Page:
Letting go is an emotional and spiritual surrender. It means willingly jumping out of the lifeboat of your preconceptions of reality and taking your chances out in the open sea of anything-can-happen.
It means that even as your definition of reality is dissolving before your very eyes, you willingly relinquish it, instinctively comprehending that the state of surrender itself will be a creative condition. It’s hard to let go, to live in a formless, destinationless place. All our lives we’re taught to hold on, to be the masters of our fate, the captains of our souls. Letting go isn’t comfortable; it can feel like anything from laziness to utter loss of control. It’s not aggressive and self-assured. It’s not the American way.
But letting go is, in truth, is a most elegant kind of daring. It is vulnerability of the highest order, an emptying out of self, of all the clutter, chatter, ideas, attitudes, schemes, and plans that, ordinarily, we all contain. In this emptiness, there is room for so much; in this vacancy, anything can happen: breathtaking transformations, changes of directions, miracles that will purely astound you, love that comes out of a spiritual conversion. But only if you are willing to truly let go of it all: as the tree dropping her bright leaves for winter, the trapeze artist, suspended in midair between two bars, the diver free-falling from the high dive, have all unequivocally, wholeheartedly let go.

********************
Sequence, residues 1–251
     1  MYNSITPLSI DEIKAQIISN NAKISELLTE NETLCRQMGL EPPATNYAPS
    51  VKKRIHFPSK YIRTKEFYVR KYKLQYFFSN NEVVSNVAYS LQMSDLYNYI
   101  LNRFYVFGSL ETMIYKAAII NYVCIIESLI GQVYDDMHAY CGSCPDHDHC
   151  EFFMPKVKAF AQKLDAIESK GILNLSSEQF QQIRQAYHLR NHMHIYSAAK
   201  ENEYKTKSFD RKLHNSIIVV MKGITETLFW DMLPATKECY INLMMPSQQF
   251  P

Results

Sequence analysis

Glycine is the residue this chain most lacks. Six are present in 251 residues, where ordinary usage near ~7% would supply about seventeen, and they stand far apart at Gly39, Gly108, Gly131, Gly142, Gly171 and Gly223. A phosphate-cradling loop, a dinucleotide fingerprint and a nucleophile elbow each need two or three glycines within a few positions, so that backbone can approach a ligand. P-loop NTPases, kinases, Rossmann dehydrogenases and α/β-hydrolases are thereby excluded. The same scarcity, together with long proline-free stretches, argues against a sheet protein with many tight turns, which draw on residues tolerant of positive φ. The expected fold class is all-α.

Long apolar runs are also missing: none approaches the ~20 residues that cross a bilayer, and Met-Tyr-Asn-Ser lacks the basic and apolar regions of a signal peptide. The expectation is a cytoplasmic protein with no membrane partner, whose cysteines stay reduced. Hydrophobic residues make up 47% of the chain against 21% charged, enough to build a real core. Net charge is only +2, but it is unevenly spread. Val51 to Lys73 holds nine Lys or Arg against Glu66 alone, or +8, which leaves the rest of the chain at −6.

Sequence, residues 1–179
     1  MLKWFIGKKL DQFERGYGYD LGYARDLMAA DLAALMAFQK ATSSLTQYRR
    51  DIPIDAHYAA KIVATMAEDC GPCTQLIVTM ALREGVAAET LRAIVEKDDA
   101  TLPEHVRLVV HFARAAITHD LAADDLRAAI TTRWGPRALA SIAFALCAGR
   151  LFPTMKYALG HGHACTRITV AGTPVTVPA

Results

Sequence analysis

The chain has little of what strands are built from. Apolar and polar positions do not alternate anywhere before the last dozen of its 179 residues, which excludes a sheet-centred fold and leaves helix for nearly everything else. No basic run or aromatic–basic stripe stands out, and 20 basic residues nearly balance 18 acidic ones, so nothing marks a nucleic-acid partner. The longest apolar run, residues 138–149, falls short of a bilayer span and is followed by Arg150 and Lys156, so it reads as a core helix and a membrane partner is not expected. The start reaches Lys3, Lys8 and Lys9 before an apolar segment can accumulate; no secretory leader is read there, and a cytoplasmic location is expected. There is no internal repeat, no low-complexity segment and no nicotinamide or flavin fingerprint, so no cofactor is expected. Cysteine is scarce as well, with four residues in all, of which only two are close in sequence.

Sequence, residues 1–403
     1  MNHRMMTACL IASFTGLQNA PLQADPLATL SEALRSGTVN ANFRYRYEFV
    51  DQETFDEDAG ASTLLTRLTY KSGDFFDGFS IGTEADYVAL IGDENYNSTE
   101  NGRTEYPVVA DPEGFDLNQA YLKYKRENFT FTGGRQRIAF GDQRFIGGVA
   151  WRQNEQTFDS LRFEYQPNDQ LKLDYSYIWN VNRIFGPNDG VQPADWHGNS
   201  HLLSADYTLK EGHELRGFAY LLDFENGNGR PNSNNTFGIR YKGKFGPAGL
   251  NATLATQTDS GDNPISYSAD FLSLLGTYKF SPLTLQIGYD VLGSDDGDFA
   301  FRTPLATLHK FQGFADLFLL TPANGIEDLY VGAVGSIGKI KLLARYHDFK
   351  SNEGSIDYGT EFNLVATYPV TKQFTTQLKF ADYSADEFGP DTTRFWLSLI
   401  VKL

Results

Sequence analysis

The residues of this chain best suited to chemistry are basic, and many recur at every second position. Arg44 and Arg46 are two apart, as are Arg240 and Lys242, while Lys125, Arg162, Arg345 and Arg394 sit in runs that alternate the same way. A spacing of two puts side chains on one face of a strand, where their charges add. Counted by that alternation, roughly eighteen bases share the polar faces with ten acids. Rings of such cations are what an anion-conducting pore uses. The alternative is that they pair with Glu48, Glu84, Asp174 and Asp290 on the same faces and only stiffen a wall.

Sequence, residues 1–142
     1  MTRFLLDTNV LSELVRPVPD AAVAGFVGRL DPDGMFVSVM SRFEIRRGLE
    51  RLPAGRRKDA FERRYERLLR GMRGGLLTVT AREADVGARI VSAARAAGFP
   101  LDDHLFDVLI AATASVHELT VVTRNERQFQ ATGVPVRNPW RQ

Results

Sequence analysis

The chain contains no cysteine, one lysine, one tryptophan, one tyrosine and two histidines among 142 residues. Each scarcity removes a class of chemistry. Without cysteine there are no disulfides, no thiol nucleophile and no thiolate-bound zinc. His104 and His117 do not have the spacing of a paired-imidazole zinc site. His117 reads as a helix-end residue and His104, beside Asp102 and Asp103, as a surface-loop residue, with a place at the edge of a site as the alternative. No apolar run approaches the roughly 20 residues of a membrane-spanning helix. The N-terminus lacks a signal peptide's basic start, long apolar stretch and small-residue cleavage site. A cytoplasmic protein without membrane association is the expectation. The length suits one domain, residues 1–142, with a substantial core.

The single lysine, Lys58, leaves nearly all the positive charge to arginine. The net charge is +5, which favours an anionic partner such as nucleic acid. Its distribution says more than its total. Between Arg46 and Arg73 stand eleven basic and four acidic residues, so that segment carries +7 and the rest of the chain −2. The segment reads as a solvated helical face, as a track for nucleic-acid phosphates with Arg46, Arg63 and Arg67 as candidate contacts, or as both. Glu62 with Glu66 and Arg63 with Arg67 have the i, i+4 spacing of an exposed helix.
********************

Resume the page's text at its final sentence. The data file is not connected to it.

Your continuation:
Letting go is being alive to the power of anything is possible. It is living in surrender, trust, and the belief that emptiness is at once the perfect completion and the perfect beginning. So let go. And remember that if you hang on to even a shred or try to make a deal with Gods meaning of letting go you might not experience all the wonderful things that are ment happen to you.